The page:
Game Controller Engine

I needed to add some gamepad and joystick support for the new game I am working on, and a quick Google revealed that there isn’t much out there. So I whipped one together in Java using the JNI and put it on Github here.

It’s a real mix of technologies, so I learned a lot. It uses Ant so I can work on both the Java and C code in Eclipse, and it uses regular MinGW to build the 32-bit native library while using mingw-w64 to build the 64-bit target. I couldn’t really get mingw-w64 to make the 32-bit target, so I fell back on the vanilla. I could hack away at it, but I am too lazy.

Eclipse was really snooty about getting things just right for the JDK and which JRE it was using. There is a whole mess with JAVA_HOME and Ant that inspired me to give up and just blast a solution in (e.g., define JAVA_HOME and ignore the built in java.home property in Ant, which I think points to the directory that has the JRE that Eclipse/Ant are using to run, which is useless when you need to use the JDK).

The engine library currently only supports Windows, and I have only really tested it on Windows 7 64-bit. The 32-bit should work too, but I have to find a 32-bit machine to test it on. I think I have a Windows XP box laying around somewhere.

If you get an itch and want to add Linux or Mac support, feel free to do as thou wilt with the Github repository.

Extracting Layers from Inkscape (Pulling Teeth)

Inkscape is probably the greatest thing since baloney on bread, and it’s free. That’s a real deal!

Basically, it is a powerful and feature-filled vector graphics editor, and I have an easier time using it than I do with Photoshop. That’s because I am an art noob. But armed with Dmitry Kirsanov’s The Book of Inkscape and things like these awesome tutorials from Chris Hildenbrand, you can get some really nice results.

One thing that I use Inkscape for is animating sprites. is very nice for this as well (just tabbing between frames is awesome), but I had to cobble together a batch file and the obscure pdn2png to get a good workflow for saving frames into a usable form. I basically wanted to be able to edit the frames of a sprite and hit a button to export everything out to PNG files. There are other programs that are specific for animation that make the process of animating much easier, but they generally cost money or are not very nice to edit art with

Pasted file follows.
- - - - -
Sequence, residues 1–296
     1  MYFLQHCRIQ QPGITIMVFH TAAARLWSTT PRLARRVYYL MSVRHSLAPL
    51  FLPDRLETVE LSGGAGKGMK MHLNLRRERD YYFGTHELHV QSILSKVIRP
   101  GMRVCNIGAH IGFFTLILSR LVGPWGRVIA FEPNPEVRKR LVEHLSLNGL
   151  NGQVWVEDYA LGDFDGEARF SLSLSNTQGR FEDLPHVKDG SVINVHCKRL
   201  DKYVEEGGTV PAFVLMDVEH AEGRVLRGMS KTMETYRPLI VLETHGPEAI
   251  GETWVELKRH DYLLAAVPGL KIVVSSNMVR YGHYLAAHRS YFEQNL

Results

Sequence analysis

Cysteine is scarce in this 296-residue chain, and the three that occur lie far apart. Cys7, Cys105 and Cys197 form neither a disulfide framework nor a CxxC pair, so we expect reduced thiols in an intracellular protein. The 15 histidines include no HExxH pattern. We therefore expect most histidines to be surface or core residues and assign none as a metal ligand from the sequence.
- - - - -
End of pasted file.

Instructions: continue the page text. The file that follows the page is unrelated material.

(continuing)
Inkscape has some exporting to PNG capabilities from the command line, but you need to know the SVG ID of the object you want to export. In my case each frame is a group within the drawing. Inkscape lets you name each group (groups are SVG objects as well), but this is an extension to the SVG specification. The actual ID that you need is obscured at the Inkscape level. So it is possible to export the group from the UI using the Inkscape label, but you must know the SVG ID to do this from the command line.

Needless to say I was bummed!

Even worse, I want to have each frame of animation have discrete parts. So if I have a character, I want each frame to have a sub-layer of the arms, the legs, the eyes, etc. That way I can grab that sub-frame PNG and animate it separately, allowing me to articulate different frame parts as an aggregate sprite.

So, I dropped using scripting and went full on code! I messed about with the SVG file format and basically just brute force wrote a parser in Java that will traverse the XML for the SVG format and extract layer groups by using the Inkscape label. The Java matches the Inkscape label to the SVG ID, and then calls the Inkscape program with command line arguments to make the PNG. This allows me to have an SVG drawing, make several layers and sub-layers of animation for a sprite, and run a batch file that calls my extractor to organize the frames in nice ways.

You can get ExtractInkscapeLayers for Windows here. I will get around to posting the source at some point if anyone cares!

Ludum Dare 22

Well, Ludum Dare 22 is a little more than four days away. The anticipation is killing me!

I am not really good under pressure anymore…I tend to think a lot before I do something in my old age. I think that a game-creation contest is good therapy for this. I think that the pressure of creating a game in 48 hours will force me to get rid of my tendency for internalization and get some things done.